The handles of porringers and some other pewter vessels were attached by fusing the metal without solder. A handle mold with openings at points of connection was placed against the finished body of the vessel and then filled with molten pewter, which melted part of the body at the joint, forming a strong bond. A "tinker's dam," a heat-absorbing bag of linen or burlap filled with wet sand, was pushed against the inside of the vessel during this procedure and usually left an imprint of the cloth--a "linen mark"--in the softened metal adjacent to the exterior contact with the handle mold.
See hall mark, maker's mark, secondary mark, touch mark and verification mark. See Pewter Marks.
A container of standard capacity regulated by government inspectors who verified the capacity and placed verification marks on the measures. Lidded baluster measures of the "Bud" and "Double volute" type were exported to this country from England and marked with American verification marks. It is believed that some of these baluster types were made in America but only a couple have been found with American maker's marks. The Boardmans of Connecticut made lidless baluster measures in the 19th century. English bulbous measures were made throughout the 19th century and well into the 20th century but were never exported to this country. However thousands have been brought to this country by dealers and collectors since World War II.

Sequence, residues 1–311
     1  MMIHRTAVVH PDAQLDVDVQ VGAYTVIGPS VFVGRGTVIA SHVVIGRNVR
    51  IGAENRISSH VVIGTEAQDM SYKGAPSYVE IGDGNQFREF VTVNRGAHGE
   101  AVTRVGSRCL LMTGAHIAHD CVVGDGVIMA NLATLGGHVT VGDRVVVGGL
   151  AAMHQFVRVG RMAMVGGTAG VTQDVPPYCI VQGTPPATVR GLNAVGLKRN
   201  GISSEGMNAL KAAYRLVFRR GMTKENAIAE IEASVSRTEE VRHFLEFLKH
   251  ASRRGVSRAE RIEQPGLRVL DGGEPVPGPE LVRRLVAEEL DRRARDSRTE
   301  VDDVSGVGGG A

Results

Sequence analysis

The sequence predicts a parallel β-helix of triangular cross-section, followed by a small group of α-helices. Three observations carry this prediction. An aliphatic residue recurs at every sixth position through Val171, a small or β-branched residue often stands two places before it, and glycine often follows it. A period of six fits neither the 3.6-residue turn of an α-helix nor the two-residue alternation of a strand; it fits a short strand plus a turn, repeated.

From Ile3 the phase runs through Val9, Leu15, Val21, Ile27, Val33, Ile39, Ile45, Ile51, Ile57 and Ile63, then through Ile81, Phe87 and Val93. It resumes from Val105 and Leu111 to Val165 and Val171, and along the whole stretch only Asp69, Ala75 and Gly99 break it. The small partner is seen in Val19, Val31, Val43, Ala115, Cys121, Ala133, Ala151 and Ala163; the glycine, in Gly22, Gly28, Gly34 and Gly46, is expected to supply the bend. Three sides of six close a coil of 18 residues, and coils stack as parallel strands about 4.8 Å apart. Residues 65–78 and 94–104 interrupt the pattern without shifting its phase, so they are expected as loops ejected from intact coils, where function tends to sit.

A lidless, handled container of various forms and standard capacities. Frequently used in pubs to serve beer, ale, or spirits. Pub pieces may have a variety of marks to include makers, capacity, verification, and others which suggest provenance. Mugs are usually wider at the bottom than at the top. Silver mugs are often called "Canns".
A descriptive term for a plate, dish or charger with several decorative rings at the edge of the rim, usually cast but occasionally incised. Popular from 1675 to 1715. Scarce in English pewter; extremely rare in American pewter.
A Scottish measure that is one quarter of a Scots pint (15 fluid ounces).
A plate (or, rarely, other sadware) with an exceptionally narrow rim, less than 10% of the overall diameter.
An Irish measure of a quarter of a pint.
Old English Wine Standard, the most commonly used standard for liquid measure in England during the 17th, 18th and early 19th centuries. It was used in the American colonies as well and continues in use in the U.S. to the present time. However, the United Kingdom adopted the Imperial Standard in 1826.
One of the processes which contributes to corrosion.
A shallow plate used for bread during Holy Communion.
Pewter Collectors' Club of America.
Pewter is an alloy consisting of mainly tin and containing antimony and copper for strength and color, respectively. Although the percentages vary from manufacturer to manufacturer, a standard for present day pewter is approximately 91 percent tin, 7.5 percent antimony, and 1.5 percent copper. Modern pewter contains NO LEAD whatsoever.
Current marks being revised. This shows the manufacturer of the item and gives tells of the make-up of the item.
Pre-imperial pub pot. A pub piece manufactured before Imperial measure standards of 1826.
A piece of sadware, 7 to 10 inches (180 to 280 mm) in diameter.
To give a smooth finish to metal by repeated striking with a smooth faced hammer. A technique used by 17th and 18th century English pewterers and 18th century American pewterers to give a more finished appearance to intricately designed porringer handles. It is especially noticeable on "Crown Handle" designs but was used on other designs as well. The practice was discontinued in the 19th century.